Ship on the Desert

A rectangular house made of yellow stone rises in front of mountains.
A northeast view of Ship on the Desert from the front yard of the building.

NPS Photo

Quick Facts

Ship on the Desert was listed as one of America’s 11 Most Endangered Historic Places by the National Trust for Historic Preservation in 2018. Stay tuned for more information about future preservation plans for the building. 

Ship on the Desert is an early example of 20th century modernism, distinct for West Texas. The architecture firm Milliken & Bevin, based in New York, designed the Pratt family summer residence to blend into the surrounding mountainous landscape, using local limestone and panoramic windows which serve as the building’s most prominent character defining features.

Wallace E. Pratt first saw the land that would later become his home in 1921 when he visited West Texas on a trip with oil brokers to acquire leases for Humble. While there he was offered the opportunity to see the “most beautiful spot in Texas,” this spot being McKittrick Canyon, a resplendent enclave amid the scrub desert with free-flowing streams, waterfalls, and lush greenery. Pratt purchased the land with two partners as a summer vacation spot and built his first home in the area, Pratt Cabin, designed by architect John Staubs, in the winter of 1931-32. Pratt Cabin is a small, two bedroom cabin with a distinctly rustic feel, made of locally quarried stone. The Pratt family summered here but it’s remote location and susceptibility to inclement weather made it somewhat undesirable. After his first wife, Pearl died in 1940, he married Iris Calderhead, a prominent early 20th Century suffragist. The newlyweds quickly chose an alternate location on higher ground for their new home, and hired New York architecture firm Milliken & Bevin to design their second home.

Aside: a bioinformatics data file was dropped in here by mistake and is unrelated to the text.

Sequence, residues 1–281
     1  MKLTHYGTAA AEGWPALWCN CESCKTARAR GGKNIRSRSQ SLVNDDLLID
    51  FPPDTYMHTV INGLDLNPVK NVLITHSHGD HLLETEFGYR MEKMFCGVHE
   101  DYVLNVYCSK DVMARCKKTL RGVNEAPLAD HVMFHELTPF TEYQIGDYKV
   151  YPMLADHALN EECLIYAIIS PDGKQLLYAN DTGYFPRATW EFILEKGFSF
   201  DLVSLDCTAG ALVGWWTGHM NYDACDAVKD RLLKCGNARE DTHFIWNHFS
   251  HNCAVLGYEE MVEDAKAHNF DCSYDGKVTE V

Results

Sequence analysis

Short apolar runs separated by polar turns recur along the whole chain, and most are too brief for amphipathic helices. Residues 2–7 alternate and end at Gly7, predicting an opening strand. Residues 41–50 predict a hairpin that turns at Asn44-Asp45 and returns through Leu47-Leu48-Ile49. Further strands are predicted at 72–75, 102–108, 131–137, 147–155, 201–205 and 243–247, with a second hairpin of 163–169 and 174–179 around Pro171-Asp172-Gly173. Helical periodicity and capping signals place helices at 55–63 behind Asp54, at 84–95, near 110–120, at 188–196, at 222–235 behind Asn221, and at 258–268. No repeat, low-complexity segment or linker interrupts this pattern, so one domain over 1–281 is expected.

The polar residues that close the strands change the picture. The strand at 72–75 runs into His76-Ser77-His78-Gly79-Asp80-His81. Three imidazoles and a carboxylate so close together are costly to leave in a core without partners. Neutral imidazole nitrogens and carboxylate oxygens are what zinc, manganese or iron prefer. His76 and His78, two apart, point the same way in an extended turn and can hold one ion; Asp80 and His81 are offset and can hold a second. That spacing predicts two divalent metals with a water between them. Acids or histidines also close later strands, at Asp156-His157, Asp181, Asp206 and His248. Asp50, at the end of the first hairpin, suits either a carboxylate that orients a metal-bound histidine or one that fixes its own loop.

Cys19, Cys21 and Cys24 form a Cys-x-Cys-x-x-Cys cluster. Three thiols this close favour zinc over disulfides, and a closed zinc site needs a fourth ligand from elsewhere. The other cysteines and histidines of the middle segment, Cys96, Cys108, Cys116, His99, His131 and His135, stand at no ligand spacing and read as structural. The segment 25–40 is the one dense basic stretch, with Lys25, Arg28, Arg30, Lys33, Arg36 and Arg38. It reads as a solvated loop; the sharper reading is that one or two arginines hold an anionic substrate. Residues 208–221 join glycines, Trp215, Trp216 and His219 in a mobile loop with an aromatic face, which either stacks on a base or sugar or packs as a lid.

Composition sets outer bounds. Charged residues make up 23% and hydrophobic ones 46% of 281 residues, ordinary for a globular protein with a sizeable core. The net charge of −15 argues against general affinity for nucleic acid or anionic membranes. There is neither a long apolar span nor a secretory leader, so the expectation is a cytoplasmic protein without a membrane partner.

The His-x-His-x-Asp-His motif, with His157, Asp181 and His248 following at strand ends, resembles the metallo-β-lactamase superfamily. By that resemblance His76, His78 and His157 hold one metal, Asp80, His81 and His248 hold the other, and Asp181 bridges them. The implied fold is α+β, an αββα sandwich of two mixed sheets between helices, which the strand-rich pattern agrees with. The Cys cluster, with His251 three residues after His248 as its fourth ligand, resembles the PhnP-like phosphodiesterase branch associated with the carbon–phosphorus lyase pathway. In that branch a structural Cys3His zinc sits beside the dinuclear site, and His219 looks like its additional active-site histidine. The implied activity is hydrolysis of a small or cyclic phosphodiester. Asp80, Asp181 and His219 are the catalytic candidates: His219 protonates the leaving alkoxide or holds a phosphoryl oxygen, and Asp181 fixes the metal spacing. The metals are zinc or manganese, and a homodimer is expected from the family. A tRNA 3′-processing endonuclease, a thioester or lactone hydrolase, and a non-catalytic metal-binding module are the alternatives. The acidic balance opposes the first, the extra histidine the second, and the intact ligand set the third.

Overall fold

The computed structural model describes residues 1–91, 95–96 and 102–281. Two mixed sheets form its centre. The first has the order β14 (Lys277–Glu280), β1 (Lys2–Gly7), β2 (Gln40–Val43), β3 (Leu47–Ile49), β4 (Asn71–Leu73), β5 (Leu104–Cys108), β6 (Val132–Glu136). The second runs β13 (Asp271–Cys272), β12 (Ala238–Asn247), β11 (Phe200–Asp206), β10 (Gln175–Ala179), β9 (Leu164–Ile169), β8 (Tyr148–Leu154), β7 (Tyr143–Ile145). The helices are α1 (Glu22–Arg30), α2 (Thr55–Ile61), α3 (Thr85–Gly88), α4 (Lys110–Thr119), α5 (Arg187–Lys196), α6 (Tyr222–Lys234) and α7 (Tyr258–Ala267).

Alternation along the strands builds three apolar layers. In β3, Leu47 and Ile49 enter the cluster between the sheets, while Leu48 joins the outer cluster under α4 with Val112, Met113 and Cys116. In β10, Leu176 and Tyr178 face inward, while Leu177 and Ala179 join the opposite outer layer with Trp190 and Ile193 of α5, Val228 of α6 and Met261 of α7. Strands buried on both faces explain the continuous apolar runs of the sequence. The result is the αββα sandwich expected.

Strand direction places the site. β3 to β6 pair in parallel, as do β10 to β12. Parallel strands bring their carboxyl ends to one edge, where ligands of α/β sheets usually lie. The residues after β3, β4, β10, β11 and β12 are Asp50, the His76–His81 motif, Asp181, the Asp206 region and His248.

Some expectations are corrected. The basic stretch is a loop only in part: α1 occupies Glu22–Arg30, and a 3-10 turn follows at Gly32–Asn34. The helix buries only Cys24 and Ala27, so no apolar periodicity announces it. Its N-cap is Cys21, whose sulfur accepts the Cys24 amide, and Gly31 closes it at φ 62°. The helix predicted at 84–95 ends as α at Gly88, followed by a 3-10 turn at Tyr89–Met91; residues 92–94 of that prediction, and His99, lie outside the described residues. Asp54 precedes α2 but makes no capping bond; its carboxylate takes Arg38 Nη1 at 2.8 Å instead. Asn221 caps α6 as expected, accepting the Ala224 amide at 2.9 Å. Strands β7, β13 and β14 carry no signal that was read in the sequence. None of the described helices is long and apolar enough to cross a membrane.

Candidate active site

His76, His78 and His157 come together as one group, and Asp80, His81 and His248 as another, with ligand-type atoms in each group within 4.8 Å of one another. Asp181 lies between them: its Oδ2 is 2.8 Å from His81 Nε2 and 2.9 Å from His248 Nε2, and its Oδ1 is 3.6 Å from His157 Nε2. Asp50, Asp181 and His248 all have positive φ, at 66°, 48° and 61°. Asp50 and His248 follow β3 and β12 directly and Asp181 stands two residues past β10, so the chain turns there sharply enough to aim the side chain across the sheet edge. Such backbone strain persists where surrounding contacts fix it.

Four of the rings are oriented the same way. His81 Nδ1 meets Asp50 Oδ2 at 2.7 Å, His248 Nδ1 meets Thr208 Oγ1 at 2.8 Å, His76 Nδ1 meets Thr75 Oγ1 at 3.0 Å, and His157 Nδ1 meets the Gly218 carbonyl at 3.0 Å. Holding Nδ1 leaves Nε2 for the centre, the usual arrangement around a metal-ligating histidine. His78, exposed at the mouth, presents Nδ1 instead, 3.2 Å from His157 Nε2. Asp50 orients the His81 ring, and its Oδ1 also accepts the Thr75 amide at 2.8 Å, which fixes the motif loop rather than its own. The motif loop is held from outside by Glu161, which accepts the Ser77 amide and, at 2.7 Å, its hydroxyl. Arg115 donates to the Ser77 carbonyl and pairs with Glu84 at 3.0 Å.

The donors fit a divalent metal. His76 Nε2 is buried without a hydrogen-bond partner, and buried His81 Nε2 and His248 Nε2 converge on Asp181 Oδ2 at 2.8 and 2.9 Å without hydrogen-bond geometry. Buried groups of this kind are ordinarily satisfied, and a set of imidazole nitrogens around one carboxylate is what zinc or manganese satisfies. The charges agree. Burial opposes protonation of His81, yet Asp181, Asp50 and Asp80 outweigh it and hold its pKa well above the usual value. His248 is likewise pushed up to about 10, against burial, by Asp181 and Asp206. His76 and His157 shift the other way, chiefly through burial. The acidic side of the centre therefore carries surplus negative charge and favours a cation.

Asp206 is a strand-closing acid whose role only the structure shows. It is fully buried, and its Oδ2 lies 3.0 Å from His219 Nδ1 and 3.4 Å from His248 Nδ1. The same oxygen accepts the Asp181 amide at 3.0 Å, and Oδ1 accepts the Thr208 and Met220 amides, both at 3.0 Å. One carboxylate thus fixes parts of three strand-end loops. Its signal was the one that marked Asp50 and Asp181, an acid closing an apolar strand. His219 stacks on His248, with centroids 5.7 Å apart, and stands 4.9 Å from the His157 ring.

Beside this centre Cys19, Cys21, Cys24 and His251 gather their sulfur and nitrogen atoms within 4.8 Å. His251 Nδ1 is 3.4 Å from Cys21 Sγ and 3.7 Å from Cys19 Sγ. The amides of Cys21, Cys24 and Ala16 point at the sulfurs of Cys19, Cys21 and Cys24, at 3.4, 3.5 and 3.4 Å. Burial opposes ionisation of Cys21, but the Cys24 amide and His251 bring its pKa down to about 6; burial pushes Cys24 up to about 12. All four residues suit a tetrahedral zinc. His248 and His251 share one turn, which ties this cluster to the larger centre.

From their time in New York City, the Pratts were close friends with Elizabeth and Newton Bevin, of the firm Milliken & Bevin. Site selection for the house occured in 1941 and primary construction began one year later. The house was completed by 1943 as per the May 1943 issue of The New Pencil Points magazine which published an article on the home. During construction, Newton Bevin and his wife Elizabeth stayed in the Pratt Cabin in McKittrick Canyon while overseeing the work of building contractor Edward Birdsall of Carlsbad, New Mexico. While the firm is formally credited for the building’s design, Pratt, in his letters, cites Elizabeth and Newton Bevin as the actual designers of the building. The built product was immediately acknowledged by the architectural community for its design excellence, with it most notably featured in New Pencil Points. Its progressive use of the stylistic and structural elements of European Modernism and the International Style were unprecedented in this remote region of West Texas. While on the one hand being an incredibly modern piece of architecture, Ship on the Desert retained, through its use of locally quarried stone masonry, a rustic quality that is very much in harmony with the landscape and with Wallace Pratt’s interests as a geologist. 

The house incorporates elements of both Wallace and Iris Pratt's lives. The house was designed to resemble an oil tanker at sea, a tribute to Pratt's long career in the oil industry - at one point there was actually an oil tanker named for him. But at least one of the doors was painted a bright purple color, the color of the women's suffage movement and National Woman's Party, a likely nod to Iris's lifetime of activism for the cause of women's rights.   

Following its construction, Wallace and Iris Pratt lived at the residence for the following 15 years. In their retirement, the Pratts lived in relative solitude, and Wallace would often fly his small plane from the main house to his office in Carlsbad, New Mexico. The couple eventually moved to Arizona due to health concerns, leading to Pratt’s decision to donate the house to the National Park Service in 1959. The initial donation included 4,942 acres of land and an additional 690 acres were donated by the Pratt’s between 1960 and 1961. That first gift to the NPS lead to the creation of the Guadalupe Mountains National Park, officially established in 1972. Today Ship on the Desert remains under the care of the National Park Service and is generally not open to the public.

Guadalupe Mountains National Park

Last updated: August 19, 2022